RC: I think it is a love of learning and curiosity instilled in me by my parents and family. My grandmother was a lifelong educator working tirelessly to make sure that kids with learning differences had access to opportunity. Her work and actions inspire me to this day. Working alongside Seema has allowed more success with BBB than I could’ve imagined on my own. Having a partner in this work has enabled us to set a vision and set goals far beyond what one person could do on their own.
SA: My personal success is also because of my parents. They were immigrants, worked hard, but most importantly collaborated with others to successfully be small business owners. Even after they immigrated, they continue to collaborate and support their community in India, it’s so inspiring! Collaboration with Rebecca and the diverse community in Brooklyn has enabled us to grow and continue to bring to life our vision for BBB.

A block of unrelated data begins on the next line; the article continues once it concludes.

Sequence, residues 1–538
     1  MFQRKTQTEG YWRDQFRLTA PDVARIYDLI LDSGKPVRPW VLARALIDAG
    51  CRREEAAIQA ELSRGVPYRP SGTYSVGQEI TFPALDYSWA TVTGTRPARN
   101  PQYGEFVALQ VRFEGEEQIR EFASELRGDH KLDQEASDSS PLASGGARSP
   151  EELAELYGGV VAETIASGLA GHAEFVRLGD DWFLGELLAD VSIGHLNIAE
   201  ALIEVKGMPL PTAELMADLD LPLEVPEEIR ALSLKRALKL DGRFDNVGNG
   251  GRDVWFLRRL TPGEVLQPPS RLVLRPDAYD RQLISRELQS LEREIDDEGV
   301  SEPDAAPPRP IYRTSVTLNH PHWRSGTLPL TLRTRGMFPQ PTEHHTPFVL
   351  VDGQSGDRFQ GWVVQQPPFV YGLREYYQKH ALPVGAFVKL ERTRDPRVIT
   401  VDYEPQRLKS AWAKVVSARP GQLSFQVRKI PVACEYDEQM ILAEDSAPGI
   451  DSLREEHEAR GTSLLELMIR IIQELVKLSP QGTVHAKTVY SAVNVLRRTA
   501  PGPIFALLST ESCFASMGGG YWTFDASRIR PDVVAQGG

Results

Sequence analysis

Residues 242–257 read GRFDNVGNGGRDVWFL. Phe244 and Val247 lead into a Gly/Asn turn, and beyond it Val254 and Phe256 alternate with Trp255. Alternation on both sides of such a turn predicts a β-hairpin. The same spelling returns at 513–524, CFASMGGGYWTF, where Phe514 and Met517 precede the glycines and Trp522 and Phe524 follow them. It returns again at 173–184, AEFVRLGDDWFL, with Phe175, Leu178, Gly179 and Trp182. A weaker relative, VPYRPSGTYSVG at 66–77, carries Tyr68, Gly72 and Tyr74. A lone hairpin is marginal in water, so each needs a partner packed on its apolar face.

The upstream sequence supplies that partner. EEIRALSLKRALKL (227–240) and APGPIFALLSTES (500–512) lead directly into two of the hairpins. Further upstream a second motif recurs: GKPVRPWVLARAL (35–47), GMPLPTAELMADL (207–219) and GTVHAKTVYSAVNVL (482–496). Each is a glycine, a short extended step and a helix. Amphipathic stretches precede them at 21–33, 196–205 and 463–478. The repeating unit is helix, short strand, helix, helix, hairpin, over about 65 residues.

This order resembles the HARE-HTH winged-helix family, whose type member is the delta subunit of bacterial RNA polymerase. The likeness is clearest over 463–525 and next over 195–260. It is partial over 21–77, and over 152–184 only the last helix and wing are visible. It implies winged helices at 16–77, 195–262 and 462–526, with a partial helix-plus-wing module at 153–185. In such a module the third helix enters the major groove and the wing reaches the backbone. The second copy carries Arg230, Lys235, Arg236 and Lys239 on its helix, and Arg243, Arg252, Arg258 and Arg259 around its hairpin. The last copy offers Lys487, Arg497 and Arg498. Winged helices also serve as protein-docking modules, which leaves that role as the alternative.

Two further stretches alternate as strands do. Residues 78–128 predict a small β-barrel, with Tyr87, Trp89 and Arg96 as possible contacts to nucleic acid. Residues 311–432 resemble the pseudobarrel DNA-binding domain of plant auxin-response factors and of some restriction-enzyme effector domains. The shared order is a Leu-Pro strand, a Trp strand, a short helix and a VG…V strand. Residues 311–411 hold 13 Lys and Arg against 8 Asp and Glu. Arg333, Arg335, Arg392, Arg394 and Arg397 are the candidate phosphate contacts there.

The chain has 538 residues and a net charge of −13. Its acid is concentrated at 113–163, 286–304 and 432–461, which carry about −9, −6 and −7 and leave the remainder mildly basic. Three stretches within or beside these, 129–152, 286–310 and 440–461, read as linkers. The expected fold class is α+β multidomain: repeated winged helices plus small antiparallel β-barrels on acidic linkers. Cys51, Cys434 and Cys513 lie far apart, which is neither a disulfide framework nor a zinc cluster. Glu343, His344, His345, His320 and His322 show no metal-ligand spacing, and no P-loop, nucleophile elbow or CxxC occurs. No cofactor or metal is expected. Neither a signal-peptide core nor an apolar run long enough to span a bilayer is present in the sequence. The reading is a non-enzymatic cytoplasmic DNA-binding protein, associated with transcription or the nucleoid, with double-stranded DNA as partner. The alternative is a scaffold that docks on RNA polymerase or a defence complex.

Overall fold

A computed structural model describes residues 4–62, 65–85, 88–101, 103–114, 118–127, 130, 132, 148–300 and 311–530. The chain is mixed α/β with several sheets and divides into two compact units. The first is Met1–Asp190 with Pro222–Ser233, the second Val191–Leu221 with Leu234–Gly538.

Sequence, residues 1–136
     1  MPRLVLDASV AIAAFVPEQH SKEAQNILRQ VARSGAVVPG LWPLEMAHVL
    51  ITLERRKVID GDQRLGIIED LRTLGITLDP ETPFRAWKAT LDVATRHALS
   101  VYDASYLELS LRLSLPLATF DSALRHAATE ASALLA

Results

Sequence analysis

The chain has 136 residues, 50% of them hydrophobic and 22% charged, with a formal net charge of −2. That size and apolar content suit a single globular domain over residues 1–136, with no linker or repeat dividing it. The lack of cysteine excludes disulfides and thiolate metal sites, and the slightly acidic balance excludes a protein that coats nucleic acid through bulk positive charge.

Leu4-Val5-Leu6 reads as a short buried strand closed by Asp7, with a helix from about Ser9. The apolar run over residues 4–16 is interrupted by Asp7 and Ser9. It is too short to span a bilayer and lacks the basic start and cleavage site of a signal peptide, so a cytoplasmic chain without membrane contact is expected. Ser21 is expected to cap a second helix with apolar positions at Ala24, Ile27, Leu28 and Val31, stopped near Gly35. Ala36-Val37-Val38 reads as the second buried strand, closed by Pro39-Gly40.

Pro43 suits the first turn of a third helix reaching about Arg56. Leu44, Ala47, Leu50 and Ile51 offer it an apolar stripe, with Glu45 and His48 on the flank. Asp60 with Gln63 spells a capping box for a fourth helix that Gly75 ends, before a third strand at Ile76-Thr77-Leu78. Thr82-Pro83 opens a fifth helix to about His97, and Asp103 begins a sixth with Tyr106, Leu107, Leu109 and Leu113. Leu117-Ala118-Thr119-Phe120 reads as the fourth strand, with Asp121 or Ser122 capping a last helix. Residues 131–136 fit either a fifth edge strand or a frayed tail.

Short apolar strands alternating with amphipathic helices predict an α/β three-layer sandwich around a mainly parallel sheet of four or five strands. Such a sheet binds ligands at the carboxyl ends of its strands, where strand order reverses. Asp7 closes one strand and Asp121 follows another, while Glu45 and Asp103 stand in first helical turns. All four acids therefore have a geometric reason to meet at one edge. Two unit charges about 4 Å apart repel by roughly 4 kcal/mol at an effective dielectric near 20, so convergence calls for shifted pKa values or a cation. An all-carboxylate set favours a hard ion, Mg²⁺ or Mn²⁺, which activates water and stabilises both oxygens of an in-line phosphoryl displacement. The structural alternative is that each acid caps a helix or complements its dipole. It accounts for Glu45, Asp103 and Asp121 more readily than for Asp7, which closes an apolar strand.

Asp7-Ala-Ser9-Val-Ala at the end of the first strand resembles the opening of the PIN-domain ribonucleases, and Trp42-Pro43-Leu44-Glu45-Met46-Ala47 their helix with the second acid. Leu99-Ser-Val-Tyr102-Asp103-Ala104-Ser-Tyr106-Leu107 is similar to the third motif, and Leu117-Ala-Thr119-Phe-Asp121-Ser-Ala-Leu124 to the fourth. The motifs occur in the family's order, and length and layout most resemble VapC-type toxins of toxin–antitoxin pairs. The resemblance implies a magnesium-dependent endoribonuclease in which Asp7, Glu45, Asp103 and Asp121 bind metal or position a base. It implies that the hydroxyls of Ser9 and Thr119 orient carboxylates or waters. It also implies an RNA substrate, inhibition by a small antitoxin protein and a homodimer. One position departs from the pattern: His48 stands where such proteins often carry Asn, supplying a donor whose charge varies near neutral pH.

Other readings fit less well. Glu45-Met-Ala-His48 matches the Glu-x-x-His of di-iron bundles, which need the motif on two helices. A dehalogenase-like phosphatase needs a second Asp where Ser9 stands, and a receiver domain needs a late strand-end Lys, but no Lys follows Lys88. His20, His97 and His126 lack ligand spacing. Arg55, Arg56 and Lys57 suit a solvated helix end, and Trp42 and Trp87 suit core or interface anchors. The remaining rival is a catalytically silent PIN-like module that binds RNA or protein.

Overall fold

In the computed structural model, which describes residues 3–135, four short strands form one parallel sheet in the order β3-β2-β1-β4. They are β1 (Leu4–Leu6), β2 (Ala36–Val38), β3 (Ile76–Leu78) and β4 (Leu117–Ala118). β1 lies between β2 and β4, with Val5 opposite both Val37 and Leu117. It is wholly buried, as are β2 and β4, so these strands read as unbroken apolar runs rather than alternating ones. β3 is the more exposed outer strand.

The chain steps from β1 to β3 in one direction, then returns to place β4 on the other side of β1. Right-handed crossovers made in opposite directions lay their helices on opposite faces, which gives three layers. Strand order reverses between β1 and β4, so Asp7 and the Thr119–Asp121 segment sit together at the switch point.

DBP: How can folks get involved with Brooklyn Book Bodega?
RC & SA: There are many ways to get involved at Brooklyn Book Bodega while including your family and neighbors. You can host a drive in your neighborhood with your kids and neighbors, fundraise for Brooklyn Book Bodega, or volunteer to sort books on weekday mornings at our warehouse in the Navy Yard. Adults can donate their new and gently used children’s books at one of our book donation locations in Brooklyn or donate through our website. The Brooklyn Book Bodega is a 501(c)(3) charitable organization and donations are 100% tax deductible.
DBP: Do you have any tips for budding entrepreneurs who want to start their own organization?
RC & SA: Collaborate! Find great partners. Bounce ideas off of one another and fine tune your vision.
Set a vision. Think through what you want to do (and what you do not want to do); then start small and pilot. Get feedback, reevaluate, and try again!
Pivot. Evaluate your vision, look for feedback, and don’t be afraid to change depending on what your constituents need and how you can better serve them.
Brooklyn Book Bodega recently collaborated with DBP at our Women’s History Month Event. Be sure to keep an eye out for all of DBP’s events by signing up for our newsletter and keeping up with our social media!